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J Cancer. 2016 Jan 1;7(2):125-30. doi: 10.7150/jca.13655. eCollection 2016.

Survival and Symptom Relief after Palliative Radiotherapy for Esophageal Cancer.

Author information

1
1. Department of Radiation Oncology, Marien Hospital Herne, Ruhr-University Bochum, Herne, Germany.
2
2. Department of Oncology and Palliative Medicine, Nordland Hospital Bodø, Norway; 3. Department of Clinical Medicine, Faculty of Health Sciences, University of Tromsø, Norway.
3
4. Department of Surgery, Marien Hospital Herne, Ruhr-University Bochum, Herne, Germany.
4
1. Department of Radiation Oncology, Marien Hospital Herne, Ruhr-University Bochum, Herne, Germany.; 5. Department of Radiation Oncology, Sankt Josef Hospital Bochum, Ruhr-University Bochum, Bochum, Germany.; 6. Department of Radiation Oncology, Ev-Krankenhaus Witten, Academic Hospital of the Witten/Herdecke University, Witten, Germany.
5
1. Department of Radiation Oncology, Marien Hospital Herne, Ruhr-University Bochum, Herne, Germany.; 5. Department of Radiation Oncology, Sankt Josef Hospital Bochum, Ruhr-University Bochum, Bochum, Germany.

Abstract

PURPOSE:

The aim of this study was to assess the 6-months dysphagia-free survival, improvement in swallowing function, complication rate, and overall survival in patients with incurable esophageal cancer treated with palliative radiotherapy.

METHODS:

We retrospectively reviewed data from 139 patients (median age 72 years) with advanced/recurrent incurable esophageal cancer, who were referred to 3 German radiation oncology centers for palliative radiotherapy between 1994 and 2014. Radiotherapy consisted of external beam radiotherapy (EBRT) with 30 - 40.5 Gy/2.5 - 3 Gy per fraction, brachytherapy alone (BT) with 15 - 25 Gy/5 - 7Gy per fraction/weekly and EBRT + BT (30 - 40.5 Gy plus 10 - 14 Gy with BT) in 65, 46, and 28 patients, respectively. Dysphagia-free survival (Dy-PFS) was defined as the time to worsening of dysphagia for at least one point, a new loco-regional failure or death of any cause.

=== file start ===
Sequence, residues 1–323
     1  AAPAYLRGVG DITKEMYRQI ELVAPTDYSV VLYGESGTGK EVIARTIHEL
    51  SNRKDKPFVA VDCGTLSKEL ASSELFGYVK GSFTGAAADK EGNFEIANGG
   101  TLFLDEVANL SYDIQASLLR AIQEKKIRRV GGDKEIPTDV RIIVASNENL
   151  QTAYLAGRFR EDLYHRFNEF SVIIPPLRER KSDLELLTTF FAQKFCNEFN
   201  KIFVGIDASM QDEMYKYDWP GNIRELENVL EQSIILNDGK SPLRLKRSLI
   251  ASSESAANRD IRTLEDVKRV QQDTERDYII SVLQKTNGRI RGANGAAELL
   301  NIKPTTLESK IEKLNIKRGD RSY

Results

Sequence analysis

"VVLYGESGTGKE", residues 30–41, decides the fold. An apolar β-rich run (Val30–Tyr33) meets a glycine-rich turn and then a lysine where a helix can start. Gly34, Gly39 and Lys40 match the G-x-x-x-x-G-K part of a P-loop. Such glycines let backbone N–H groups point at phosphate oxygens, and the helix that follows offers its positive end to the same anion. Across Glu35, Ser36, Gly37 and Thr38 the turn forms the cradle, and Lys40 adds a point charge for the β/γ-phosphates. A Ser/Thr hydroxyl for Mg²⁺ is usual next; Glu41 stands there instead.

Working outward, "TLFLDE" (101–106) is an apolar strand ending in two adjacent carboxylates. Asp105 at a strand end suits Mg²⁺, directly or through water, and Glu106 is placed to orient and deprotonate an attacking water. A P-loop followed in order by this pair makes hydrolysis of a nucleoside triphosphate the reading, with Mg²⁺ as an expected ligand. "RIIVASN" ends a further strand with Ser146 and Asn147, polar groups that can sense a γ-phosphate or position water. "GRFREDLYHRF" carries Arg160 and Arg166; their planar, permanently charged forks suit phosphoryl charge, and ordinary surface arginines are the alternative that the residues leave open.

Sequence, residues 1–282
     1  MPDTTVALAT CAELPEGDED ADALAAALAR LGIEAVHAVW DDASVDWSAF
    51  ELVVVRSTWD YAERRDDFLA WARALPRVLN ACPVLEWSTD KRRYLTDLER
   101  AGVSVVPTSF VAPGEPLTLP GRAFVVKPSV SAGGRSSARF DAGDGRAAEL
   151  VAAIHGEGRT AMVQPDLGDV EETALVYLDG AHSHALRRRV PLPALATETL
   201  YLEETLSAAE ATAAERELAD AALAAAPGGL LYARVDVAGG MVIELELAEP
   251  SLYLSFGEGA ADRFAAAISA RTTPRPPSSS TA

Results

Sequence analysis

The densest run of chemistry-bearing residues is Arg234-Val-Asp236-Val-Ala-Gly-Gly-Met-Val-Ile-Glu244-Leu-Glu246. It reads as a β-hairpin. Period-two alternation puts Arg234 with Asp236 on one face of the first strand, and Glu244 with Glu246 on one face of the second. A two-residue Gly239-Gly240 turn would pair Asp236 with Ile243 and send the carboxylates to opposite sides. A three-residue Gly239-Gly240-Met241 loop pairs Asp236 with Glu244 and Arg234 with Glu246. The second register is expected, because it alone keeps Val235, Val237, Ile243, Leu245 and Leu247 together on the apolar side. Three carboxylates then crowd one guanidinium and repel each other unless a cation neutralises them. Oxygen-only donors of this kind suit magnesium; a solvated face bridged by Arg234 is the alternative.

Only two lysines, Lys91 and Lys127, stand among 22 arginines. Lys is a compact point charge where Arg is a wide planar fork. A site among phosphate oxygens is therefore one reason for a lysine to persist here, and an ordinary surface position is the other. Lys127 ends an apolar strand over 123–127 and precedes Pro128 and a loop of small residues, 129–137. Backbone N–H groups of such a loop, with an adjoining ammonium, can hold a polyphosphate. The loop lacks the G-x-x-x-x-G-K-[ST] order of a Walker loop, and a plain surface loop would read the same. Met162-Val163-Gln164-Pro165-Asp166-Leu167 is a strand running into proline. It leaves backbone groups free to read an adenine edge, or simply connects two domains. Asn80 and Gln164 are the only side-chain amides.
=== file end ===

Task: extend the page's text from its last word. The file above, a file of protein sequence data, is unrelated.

RESULTS:

Median follow-up time was 6 months (range 1-6 months). Subjective symptom relief was achieved in 72 % of patients with median response duration of 5 months. The 1-year survival rate was 30%. The 6-months Dy-PFS time for the whole group was 73 ± 4%. The 6-months Dy-PFS was 90 ± 4% after EBRT, 92 ± 5% after EBRT + BT and 37 ± 7% after BT, respectively (p<0.001). Five patients lived for more than 2 years, all of them were treated with EBRT ± BT. Ulceration, fistula and stricture developed in 3, 6 and 7 patients, respectively.

CONCLUSIONS:

Radiotherapy leads to symptom improvement in the majority of patients with advanced incurable esophageal cancer. The present results favor EBRT ± BT over BT alone. Due to the retrospective nature of this study, imbalances in baseline characteristics might have contributed to this finding, and further trials appear necessary.

KEYWORDS:

Brachytherapy; Complications; Dysphagia-free survival; Esophageal cancer; External beam radiation therapy; Palliation

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